- According to the Mayo Clinic, you should rinse the wound with sea water or hot water to deactivate stinging cells (you can even use a reusable hot water bottle with the hot tap water inside or leave a bottled water out in the sun). If you don’t have access to hot water, rinse the skin with sea water (not cold) and/or white vinegar for about 30 seconds. Studies have shown that applying heat definitely helps (even though you may feel like you want to put ice on it at first, stick with heat initially).
- If there are any visible stingers, try to remove them by gently scraping a credit card across the surface (most all of us have one of those handy, even at the beach). Rinse the area again. Wear gloves or put your hands inside plastic bags if needed, to avoid touching the stinging cells. Do your best to avoid rubbing it with a towel.
- Treat the affected area with a mild hydrocortisone cream to help relieve any itching and swelling. Take a pain reliever medicine for the discomfort (remember to never give aspirin to children).
- If the sting is painful, you may want to stay out of the water for the rest of the day, as some say salt water may make the discomfort worse. Use your best judgment and consult a lifeguard if you need assistance.
NOTE: I am not a doctor, so always heed the advice of a medical professional if you’re unsure of how to treat a jellyfish sting. If you’re having an allergic reaction to a large sting area, or if the sting is on the face or near the eyes, don’t hesitate to call for a lifeguard or dial 911 for an emergency. Signs of an allergic reaction might look like difficulty breathing, nausea, rash or loss of consciousness. Know the signs and be on high alert.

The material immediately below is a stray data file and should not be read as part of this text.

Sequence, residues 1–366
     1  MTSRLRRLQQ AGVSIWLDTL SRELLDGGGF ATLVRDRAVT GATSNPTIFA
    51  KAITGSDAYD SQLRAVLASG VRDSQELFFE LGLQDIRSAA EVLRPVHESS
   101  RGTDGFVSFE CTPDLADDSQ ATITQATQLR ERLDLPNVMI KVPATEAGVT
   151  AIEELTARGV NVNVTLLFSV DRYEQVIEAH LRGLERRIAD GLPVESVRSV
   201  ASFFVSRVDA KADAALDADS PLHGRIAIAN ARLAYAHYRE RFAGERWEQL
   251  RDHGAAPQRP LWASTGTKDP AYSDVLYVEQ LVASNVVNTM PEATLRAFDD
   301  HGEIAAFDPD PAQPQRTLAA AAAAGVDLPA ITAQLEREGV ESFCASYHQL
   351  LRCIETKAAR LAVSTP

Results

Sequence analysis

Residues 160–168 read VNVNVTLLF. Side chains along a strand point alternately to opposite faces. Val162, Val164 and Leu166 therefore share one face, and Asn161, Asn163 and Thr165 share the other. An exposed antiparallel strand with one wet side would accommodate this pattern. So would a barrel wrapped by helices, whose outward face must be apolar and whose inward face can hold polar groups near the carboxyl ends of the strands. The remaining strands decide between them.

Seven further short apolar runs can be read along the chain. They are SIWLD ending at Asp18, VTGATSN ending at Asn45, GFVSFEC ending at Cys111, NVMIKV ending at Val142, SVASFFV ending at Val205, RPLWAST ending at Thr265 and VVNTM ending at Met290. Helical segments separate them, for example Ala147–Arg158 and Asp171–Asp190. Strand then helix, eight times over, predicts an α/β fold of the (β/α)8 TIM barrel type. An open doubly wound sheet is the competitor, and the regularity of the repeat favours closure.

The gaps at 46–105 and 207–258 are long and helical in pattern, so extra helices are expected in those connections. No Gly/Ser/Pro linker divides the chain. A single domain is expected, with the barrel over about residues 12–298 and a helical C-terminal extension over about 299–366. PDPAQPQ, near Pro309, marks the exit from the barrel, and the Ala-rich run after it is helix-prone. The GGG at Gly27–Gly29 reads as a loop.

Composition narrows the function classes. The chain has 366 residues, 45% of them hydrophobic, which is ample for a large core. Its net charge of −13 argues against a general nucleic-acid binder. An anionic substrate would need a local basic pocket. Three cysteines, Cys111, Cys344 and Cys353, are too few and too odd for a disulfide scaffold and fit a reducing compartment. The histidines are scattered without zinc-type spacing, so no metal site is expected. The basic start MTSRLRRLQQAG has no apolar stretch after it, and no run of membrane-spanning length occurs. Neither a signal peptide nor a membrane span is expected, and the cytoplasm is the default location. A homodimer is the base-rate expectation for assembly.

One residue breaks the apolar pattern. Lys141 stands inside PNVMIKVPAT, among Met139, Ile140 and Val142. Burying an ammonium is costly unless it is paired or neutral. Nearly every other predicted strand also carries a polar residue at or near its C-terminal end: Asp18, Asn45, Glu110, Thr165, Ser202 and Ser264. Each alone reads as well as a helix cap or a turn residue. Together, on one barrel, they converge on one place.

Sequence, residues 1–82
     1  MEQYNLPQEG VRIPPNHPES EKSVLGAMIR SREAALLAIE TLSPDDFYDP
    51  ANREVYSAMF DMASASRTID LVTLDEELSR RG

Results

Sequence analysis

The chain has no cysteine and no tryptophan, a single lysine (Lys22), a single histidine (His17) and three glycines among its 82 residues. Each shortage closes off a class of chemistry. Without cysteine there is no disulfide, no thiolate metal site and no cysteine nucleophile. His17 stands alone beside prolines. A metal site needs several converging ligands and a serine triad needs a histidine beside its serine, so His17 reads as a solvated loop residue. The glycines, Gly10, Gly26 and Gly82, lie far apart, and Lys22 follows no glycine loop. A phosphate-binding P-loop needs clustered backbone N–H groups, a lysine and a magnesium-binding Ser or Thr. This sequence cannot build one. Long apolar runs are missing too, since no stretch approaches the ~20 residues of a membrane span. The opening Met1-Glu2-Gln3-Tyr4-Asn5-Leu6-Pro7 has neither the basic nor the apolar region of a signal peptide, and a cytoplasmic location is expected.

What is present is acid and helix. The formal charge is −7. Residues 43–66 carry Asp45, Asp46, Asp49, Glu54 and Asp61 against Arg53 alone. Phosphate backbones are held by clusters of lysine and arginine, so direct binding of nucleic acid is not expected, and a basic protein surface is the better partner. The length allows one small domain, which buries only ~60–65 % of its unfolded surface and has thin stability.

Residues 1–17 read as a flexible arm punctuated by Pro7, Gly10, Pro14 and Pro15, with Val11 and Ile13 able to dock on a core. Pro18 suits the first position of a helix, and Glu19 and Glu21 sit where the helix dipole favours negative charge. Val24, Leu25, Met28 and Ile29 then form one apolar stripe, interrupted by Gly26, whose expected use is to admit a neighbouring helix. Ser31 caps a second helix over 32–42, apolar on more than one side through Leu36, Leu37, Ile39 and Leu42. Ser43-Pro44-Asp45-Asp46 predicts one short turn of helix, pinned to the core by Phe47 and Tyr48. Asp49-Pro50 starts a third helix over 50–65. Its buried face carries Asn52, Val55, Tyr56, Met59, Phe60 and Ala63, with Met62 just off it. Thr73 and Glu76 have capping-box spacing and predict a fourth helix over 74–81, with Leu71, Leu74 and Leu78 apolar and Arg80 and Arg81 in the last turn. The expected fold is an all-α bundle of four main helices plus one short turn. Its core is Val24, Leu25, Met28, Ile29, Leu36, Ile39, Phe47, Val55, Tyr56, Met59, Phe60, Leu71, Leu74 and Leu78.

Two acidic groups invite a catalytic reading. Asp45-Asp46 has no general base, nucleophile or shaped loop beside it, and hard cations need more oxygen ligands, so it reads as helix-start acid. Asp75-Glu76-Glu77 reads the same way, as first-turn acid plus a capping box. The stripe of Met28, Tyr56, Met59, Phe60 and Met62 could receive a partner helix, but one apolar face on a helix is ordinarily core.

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How to be prepared for stings
Always keep a first aid kit in your beach bag (see my tips on what to include below). I was stung once by a jellyfish in the ocean as a teenager, and a woman nearby on the beach ran over with her own mixture of meat tenderizer and vaseline. While it didn’t completely cure the pain of the sting across the top of my thigh (which lasted for a few days), it was really helpful in the moment to soothe my aching leg and reduced the sensitivity in my skin. Keep reading below for more home remedies from followers of our Facebook page.
Any time you venture out to the beach, keep an eye out for the natural sea life in the water and on the sand. Remember that we are guests in their natural environment, so don’t be surprised when you see them. Check the beach warning flags for alerts, which are usually located at the main beach access points. And don’t forget to educate your children on what to look out for and to avoid in the water.
If your kids are interested in learning more about jellyfish and sea life, here are some great books for kids:
- Do Jellyfish Like Peanut Butter?: Amazing Sea Creature Facts
- Spineless: The Science of Jellyfish and the Art of Growing a Backbone
- Jellyfish (A Day in the Life: Sea Animals)
- Coloring Books for Teens: Ocean Designs
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What to pack in your Beach First Aid Kit